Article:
Columbia Produced More Renewable Energy for Less Money
COLUMBIA - Columbia produced more renewable energy than planned in 2013 below the cost limit, according to Columbia Water and Light.
The report from Columbia Water and Light shows the goal for 2013 was for 5 percent of the total energy produced by the city to be renewable. The city exceeded the goal and 6.97 percent of the total energy was renewable.
Columbia produces renewable energy in four main ways. These include wind turbines, landfill gas, bio mass, and solar energy. Columbia Water and Light reported wind accounted for 3.22 percent of all energy produced by the city, landfill gas accounted for 2.96 percent, bio mass accounted for 0.75 percent, and solar accounted for 0.05 percent. When adding these numbers up, the total is 6.98 percent, which is a 0.01 percent difference than what Columbia Water and Light reported due to rounding.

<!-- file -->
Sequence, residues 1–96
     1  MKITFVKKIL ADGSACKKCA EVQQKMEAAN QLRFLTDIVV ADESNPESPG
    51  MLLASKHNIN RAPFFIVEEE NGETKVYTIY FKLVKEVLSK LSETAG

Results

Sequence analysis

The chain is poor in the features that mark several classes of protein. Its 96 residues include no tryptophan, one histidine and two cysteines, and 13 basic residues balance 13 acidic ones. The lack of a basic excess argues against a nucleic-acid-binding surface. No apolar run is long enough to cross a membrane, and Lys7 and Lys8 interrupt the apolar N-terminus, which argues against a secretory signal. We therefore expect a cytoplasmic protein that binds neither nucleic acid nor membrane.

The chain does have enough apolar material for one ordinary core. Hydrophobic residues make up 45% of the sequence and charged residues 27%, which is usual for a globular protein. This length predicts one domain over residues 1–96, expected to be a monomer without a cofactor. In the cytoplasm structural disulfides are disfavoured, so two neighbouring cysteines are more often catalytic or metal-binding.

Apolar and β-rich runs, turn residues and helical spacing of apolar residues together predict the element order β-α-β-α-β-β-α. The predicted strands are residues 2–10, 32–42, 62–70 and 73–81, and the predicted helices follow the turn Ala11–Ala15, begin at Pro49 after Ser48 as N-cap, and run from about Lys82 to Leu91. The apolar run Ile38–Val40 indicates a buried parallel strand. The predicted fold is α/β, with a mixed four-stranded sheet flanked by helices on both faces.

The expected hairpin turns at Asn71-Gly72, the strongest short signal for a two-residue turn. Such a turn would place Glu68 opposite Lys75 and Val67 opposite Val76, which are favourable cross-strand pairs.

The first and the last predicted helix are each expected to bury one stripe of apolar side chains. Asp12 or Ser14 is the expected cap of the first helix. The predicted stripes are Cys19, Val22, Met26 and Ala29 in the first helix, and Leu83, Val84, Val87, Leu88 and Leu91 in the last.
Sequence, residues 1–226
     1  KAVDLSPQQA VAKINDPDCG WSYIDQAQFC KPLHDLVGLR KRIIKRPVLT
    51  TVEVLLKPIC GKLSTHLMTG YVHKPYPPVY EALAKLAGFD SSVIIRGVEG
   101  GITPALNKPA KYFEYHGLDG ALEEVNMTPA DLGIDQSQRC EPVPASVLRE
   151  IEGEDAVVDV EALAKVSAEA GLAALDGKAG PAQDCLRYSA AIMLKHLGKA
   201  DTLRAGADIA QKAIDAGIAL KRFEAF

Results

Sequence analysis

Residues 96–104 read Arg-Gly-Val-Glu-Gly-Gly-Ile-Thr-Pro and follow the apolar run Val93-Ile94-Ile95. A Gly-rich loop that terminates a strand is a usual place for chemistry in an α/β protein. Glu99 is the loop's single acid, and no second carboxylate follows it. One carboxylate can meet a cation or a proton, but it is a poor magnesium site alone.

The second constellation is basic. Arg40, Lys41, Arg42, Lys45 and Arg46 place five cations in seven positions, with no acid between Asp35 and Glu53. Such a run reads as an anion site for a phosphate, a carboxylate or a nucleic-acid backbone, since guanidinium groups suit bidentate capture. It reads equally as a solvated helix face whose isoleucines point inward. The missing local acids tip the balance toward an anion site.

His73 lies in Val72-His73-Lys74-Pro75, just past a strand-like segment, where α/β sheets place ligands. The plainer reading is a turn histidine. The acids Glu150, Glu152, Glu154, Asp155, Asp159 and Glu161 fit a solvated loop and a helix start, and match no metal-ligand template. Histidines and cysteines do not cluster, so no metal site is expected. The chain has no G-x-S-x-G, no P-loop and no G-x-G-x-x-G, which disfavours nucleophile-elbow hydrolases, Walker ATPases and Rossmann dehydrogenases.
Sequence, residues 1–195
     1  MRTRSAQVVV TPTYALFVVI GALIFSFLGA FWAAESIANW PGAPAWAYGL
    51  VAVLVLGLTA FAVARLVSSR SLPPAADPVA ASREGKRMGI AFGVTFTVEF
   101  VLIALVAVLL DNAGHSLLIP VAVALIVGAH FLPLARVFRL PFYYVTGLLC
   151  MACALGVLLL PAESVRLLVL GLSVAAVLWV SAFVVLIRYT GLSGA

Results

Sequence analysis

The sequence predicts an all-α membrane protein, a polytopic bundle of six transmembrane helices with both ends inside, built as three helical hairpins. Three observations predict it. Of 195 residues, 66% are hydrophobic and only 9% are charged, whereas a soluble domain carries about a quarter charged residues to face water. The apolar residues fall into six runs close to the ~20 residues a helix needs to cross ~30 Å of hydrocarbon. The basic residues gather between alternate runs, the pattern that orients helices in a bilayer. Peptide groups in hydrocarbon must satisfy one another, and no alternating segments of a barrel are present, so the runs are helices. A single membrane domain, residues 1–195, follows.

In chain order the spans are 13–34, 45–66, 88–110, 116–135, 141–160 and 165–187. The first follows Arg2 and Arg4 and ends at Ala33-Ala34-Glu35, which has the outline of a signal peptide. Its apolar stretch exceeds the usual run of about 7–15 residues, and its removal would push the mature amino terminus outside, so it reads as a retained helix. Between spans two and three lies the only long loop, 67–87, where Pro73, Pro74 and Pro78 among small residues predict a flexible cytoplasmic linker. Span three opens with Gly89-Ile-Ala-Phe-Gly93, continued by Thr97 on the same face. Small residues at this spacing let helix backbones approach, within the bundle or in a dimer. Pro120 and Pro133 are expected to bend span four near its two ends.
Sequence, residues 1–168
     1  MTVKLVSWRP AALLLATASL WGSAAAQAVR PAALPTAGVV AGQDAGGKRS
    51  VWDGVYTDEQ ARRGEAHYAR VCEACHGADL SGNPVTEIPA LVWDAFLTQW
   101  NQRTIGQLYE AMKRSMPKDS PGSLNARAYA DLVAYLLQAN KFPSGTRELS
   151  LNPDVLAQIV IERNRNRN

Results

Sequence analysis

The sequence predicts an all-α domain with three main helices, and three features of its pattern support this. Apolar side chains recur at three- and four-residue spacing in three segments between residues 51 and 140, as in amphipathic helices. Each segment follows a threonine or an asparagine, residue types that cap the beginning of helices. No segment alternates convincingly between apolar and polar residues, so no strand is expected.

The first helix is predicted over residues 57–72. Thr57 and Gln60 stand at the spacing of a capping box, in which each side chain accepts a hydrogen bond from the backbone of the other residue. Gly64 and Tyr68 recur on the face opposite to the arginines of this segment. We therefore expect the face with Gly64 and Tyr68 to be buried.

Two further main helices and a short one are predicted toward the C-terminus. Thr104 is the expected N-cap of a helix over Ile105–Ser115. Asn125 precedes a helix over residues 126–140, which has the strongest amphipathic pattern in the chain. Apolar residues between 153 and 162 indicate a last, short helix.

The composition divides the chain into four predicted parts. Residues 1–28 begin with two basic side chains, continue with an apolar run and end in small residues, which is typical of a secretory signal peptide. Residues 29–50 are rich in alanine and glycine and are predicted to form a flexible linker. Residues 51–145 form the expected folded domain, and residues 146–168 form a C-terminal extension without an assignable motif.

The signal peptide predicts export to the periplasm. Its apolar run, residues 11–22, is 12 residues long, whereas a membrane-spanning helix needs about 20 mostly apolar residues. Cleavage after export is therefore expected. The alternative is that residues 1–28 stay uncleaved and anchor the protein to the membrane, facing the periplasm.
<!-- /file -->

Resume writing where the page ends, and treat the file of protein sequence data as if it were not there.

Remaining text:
After some percentage calculations, KOMU 8 News broke down how much of the renewable energy each supplier produces. Wind produces 46.13 percent of the renewable energy produced, land fill gas produces 42.41 percent, bio mass produces 10.74 percent, and solar produces 0.72 percent of the renewable energy.
The report indicated the city had a cost limit of $3.25 million. The cost limit means, "renewable energy cannot cause electric rates to increase more than 3% above what rates would be with non-renewable energy." Columbia Water and Light reported the city only spent $1.2 million, which is less than half of the limit.
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